My point was, and I obviously didn't explain this well because I have brain fog today, I DON'T USE TAG SEARCH. It is not efficient, and it is not worth the frustration to me. Personally, I use keyword search, like cortex suggests, or I do a Google search limited to Metafilter or whatever.

BUT, since this post was about someone being specifically frustrated with tag search, mainly, I was trying to come up with suggestions that might improve that specific function. I said right in my comment that my suggestion might not help at all. I really am not firing on all cylinders in any case.
posted by misha at 11:56 AM on August 15, 2014


And seolo, yep, you're right. Neither one of the searches you put up shows all the Metafilter posts about Randall Monroe's infographics, either. Just off the top of my head, the "map of internet communities" post is missing, for example. So I would agree that your examples better illustrate tag search limitations.
posted by misha at 12:06 PM on August 15, 2014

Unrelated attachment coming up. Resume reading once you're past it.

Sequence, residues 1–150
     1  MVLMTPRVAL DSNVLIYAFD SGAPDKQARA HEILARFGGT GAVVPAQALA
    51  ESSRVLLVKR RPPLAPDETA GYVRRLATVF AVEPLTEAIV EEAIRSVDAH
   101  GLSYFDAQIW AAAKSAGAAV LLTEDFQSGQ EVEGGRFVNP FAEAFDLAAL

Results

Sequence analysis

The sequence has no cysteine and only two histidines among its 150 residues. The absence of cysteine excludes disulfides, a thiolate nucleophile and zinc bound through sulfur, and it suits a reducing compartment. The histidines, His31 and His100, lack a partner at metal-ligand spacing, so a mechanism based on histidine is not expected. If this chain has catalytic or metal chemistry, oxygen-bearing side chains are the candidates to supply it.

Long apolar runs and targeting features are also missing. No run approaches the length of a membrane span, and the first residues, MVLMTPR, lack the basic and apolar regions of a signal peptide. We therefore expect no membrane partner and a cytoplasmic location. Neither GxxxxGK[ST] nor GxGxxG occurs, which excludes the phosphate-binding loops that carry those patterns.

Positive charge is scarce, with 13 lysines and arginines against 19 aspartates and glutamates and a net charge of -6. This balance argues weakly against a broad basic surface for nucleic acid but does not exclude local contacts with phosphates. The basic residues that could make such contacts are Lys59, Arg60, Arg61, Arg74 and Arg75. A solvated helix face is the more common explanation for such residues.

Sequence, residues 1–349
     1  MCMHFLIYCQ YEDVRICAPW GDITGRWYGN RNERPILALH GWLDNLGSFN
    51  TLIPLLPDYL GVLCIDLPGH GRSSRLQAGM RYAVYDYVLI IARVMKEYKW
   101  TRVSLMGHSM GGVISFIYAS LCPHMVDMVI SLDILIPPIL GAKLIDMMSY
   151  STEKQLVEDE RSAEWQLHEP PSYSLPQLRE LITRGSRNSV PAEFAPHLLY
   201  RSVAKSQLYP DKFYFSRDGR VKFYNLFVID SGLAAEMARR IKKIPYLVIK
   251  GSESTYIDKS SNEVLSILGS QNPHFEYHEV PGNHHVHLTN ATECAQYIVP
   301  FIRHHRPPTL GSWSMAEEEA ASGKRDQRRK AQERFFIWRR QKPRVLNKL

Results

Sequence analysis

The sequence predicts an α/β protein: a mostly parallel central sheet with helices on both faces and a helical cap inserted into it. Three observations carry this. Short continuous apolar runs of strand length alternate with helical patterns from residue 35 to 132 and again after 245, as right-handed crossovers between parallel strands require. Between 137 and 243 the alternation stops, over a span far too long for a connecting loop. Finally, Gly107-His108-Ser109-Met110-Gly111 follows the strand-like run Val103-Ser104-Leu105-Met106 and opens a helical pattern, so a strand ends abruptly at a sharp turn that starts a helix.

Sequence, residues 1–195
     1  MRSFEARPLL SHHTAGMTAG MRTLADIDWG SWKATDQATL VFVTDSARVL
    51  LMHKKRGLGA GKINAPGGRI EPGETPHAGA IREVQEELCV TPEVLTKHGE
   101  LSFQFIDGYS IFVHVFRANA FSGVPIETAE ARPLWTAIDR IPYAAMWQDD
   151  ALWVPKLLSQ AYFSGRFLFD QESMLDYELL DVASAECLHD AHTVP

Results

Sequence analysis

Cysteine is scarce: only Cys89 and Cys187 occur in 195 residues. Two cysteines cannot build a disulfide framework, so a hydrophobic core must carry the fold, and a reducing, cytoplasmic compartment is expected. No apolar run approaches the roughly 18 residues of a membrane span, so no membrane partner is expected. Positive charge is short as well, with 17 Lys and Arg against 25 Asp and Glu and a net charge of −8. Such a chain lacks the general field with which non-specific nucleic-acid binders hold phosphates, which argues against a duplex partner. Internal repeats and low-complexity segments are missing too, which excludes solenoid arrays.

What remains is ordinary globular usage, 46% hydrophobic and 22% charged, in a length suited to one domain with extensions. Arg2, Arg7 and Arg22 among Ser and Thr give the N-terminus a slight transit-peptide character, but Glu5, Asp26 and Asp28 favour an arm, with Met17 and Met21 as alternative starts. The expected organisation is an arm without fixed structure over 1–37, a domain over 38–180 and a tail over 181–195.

I DON'T USE TAG SEARCH
I understand that. You don't use it because a single tag doesn't find what you want. My point is that you need to use more than one tag sometimes.

Neither one of the "map of internet communities" posts 1 2 have the word "infographic" in them anywhere. A search using that term will not find them, either. Someone looking for them would have to change their search terms a bit to keep looking for it, so in that way I see tags and search as equally flawed, but both very useful.

To be fair to the posters, that was nearly four years ago (!) and infographic was not such a trendy word back then.
posted by soelo at 12:42 PM on August 15, 2014